http://tcpreplay.synfin.net/ - Pcap editing and replay tools for Unix & Windows
Those who would give up essential Liberty, to purchase a little temporary
Safety, deserve neither Liberty nor Safety. 
    -- Benjamin Franklin
"carpe diem quam minimum credula postero"
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Re: hector or astyanax

Derek Williams
Also have to keep in mind that it should be rare to only use a single socket since you are usually making at least 1 connection per node in the cluster (or local datacenter). There is also nothing enforcing that a single client cannot open more than 1 connection to a node. In the end it should come down to which protocol implementation is faster.


On Mon, May 6, 2013 at 11:58 AM, Aaron Turner <[hidden email]> wrote:
From my experience, your NIC buffers generally aren't the problem (or at least it's easy to tune them to fix).  It's TCP.  Simply put, your raw NIC throughput > single TCP socket throughput on most modern hardware/OS combinations.  This is especially true as latency increases between the two hosts.  This is why Bittorrent or "download accellerators" are often faster then just downloading a large file via your browser or ftp client- they're running multiple TCP connections in parallel compared to only one.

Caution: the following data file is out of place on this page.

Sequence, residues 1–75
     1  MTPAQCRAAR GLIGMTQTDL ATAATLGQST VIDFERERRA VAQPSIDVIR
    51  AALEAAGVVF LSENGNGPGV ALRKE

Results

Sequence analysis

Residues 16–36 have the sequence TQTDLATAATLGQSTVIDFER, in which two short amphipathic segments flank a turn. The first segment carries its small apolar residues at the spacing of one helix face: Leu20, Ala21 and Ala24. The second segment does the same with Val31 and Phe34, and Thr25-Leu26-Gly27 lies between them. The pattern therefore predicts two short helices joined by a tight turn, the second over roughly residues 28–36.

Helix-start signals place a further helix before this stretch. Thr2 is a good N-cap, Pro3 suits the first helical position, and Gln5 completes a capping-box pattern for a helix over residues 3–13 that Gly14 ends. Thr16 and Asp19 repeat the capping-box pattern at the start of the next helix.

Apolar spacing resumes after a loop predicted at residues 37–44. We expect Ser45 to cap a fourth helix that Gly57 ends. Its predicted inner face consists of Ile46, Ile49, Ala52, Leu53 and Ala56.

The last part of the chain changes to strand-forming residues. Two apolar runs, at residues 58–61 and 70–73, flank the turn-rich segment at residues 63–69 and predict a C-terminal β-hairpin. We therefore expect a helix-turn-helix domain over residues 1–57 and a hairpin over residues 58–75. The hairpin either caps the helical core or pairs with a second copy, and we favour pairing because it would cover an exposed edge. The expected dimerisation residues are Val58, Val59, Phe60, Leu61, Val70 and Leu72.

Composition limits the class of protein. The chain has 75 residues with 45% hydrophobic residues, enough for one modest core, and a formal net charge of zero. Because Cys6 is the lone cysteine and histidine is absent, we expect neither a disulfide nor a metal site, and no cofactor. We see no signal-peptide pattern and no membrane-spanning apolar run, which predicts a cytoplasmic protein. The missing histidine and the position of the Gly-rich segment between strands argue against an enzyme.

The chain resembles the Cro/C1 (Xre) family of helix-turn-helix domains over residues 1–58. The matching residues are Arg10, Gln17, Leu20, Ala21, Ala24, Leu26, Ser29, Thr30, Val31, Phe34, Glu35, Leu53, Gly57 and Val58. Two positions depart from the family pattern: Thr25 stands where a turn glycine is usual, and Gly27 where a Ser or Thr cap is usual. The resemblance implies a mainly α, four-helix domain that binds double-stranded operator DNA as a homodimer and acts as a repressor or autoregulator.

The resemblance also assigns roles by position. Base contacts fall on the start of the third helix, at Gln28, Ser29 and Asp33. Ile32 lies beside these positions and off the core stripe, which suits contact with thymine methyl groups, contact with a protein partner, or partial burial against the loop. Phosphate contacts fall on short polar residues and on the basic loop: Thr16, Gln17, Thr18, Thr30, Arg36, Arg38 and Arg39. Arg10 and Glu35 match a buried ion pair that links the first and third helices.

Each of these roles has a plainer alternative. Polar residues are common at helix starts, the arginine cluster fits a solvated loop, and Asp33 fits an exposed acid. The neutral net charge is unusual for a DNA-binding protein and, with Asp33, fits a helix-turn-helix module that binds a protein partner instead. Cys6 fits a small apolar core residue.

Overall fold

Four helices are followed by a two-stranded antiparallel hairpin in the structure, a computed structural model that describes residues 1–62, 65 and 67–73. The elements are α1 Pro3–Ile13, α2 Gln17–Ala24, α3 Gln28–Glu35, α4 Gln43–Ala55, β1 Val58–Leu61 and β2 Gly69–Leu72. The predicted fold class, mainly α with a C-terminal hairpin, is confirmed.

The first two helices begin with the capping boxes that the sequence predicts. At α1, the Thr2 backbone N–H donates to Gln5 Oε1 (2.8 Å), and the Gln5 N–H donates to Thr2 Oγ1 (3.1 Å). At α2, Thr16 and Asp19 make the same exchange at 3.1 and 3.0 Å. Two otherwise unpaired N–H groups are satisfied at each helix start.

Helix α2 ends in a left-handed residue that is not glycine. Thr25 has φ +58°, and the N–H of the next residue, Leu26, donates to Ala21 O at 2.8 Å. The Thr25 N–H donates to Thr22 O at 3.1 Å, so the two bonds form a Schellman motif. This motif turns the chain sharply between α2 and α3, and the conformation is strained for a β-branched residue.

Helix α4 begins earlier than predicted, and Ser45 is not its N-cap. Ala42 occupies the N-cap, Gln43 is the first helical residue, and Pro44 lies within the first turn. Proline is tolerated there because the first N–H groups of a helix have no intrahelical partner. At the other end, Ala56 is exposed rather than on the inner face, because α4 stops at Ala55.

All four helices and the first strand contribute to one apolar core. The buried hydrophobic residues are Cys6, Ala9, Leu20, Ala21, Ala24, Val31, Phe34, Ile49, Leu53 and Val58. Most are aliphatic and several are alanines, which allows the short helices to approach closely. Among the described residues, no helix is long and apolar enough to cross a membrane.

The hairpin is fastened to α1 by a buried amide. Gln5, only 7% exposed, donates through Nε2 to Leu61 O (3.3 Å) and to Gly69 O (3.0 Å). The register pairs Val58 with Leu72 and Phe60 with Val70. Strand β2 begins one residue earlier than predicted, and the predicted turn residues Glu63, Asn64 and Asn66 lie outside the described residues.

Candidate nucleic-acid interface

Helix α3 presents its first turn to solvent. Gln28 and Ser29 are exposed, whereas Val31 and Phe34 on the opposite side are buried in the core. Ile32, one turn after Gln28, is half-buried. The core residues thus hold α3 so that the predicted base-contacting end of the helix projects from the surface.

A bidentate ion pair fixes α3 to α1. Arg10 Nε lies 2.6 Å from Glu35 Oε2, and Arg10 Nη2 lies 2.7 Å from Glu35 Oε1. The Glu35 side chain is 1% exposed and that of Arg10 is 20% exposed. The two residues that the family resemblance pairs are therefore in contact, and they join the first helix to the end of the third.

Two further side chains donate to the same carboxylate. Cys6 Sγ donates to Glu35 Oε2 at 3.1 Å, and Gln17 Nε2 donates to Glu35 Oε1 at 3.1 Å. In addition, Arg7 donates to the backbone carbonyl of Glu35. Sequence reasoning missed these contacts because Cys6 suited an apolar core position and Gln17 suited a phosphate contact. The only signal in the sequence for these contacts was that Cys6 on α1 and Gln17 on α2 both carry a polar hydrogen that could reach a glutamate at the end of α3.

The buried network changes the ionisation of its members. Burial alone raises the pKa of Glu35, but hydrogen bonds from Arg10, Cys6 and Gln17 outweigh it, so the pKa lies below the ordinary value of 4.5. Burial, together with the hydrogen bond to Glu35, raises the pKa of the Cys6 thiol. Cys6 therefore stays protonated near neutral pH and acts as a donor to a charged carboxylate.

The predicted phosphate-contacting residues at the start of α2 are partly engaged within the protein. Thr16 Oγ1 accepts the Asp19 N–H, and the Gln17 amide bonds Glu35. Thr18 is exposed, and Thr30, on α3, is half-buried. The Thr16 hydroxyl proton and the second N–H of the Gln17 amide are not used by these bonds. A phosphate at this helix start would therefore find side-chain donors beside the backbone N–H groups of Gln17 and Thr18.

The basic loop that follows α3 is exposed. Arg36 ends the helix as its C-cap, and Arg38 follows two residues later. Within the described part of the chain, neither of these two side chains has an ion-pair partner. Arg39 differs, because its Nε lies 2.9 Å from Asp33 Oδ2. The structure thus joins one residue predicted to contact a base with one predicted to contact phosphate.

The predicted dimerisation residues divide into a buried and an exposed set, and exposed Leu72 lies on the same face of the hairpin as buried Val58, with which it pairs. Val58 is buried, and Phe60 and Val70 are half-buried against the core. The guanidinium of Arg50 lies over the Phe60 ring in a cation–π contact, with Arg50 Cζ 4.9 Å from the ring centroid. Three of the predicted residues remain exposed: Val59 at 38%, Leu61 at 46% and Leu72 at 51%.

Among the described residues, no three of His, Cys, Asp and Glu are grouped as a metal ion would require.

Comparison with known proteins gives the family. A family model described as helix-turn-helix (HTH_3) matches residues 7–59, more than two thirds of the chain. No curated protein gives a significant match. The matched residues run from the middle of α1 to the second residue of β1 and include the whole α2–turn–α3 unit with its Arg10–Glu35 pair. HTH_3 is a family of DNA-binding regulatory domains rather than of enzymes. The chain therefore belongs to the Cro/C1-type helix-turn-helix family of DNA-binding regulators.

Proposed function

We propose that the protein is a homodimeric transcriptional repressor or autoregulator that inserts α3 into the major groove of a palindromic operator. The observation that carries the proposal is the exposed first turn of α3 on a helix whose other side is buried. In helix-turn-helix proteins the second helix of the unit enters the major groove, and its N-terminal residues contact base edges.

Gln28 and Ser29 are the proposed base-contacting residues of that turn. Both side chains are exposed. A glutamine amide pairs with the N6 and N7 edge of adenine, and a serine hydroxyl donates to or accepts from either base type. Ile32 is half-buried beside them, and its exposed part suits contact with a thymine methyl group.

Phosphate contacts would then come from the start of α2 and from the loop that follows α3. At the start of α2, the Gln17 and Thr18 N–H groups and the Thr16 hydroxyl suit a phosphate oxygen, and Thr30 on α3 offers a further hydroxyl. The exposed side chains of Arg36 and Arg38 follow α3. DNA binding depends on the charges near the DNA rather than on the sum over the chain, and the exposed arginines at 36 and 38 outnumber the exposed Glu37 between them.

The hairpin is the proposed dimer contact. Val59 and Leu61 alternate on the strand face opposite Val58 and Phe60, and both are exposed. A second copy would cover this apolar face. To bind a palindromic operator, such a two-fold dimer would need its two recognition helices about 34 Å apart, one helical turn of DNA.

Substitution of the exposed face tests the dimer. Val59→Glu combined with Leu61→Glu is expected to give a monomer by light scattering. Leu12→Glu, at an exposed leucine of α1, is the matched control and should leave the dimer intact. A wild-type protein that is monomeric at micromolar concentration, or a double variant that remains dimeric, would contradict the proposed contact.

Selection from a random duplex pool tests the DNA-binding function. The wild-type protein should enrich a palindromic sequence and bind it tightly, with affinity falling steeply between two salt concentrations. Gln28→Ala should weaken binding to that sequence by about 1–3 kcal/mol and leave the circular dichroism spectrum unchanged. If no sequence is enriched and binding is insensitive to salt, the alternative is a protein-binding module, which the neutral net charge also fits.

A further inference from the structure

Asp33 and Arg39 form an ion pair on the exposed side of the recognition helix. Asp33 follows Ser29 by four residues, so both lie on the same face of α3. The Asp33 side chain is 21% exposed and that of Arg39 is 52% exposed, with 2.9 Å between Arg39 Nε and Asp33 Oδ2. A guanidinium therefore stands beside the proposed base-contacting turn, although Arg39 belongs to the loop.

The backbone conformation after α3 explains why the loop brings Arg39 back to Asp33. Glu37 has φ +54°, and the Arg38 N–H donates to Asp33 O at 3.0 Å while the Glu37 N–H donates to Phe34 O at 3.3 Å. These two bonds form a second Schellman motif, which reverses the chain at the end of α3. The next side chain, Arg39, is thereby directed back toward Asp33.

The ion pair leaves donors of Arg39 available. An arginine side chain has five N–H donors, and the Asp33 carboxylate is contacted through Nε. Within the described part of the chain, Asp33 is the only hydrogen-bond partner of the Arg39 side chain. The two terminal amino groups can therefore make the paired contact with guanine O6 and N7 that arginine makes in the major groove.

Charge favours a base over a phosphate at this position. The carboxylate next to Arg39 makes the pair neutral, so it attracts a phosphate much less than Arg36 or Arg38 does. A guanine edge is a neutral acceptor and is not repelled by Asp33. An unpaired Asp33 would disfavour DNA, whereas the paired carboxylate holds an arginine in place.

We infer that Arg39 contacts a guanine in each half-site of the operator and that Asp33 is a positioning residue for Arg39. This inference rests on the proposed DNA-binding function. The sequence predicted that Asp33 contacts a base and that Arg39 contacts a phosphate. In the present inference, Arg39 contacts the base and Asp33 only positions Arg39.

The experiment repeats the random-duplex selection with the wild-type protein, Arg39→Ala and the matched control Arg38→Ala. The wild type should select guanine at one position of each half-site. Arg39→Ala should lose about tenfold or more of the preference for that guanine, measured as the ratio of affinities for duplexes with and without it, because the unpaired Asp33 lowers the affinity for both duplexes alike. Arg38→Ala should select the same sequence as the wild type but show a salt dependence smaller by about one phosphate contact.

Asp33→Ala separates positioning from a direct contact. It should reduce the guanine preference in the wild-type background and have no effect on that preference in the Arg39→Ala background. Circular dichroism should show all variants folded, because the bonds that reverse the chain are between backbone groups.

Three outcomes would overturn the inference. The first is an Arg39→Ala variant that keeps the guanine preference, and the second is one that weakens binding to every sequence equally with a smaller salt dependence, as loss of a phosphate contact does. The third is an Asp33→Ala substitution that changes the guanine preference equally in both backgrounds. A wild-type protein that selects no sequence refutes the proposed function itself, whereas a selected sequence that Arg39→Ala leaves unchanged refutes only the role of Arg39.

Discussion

TCP is great for reliable, bi-directional, stream based communication.  Not the best solution for high throughput though.  UDP is much better for that, but then you loose all the features that TCP gives you and so then people end up re-inventing the wheel (poorly I might add).

So yeah, I think the answer to the question of "which is faster" the answer is "it depends on your queries".



On Mon, May 6, 2013 at 10:24 AM, Hiller, Dean <[hidden email]> wrote:
You have me thinking more.  I wonder in practice if 3 sockets is any faster than 1 socket when doing nio.  If your buffer sizes were small, maybe that would be the case.  Usually the nic buffers are big so when the selector fires it is reading from 3 buffers for 3 sockets or 1 buffer for one socket.  In both cases, all 3 requests are there in the buffers.  At any rate, my belief is it probably is still basically parallel performance on one socket though I have not tested my theory…..My theory being the real bottleneck on performance being the work cassandra has to do on the reads and such.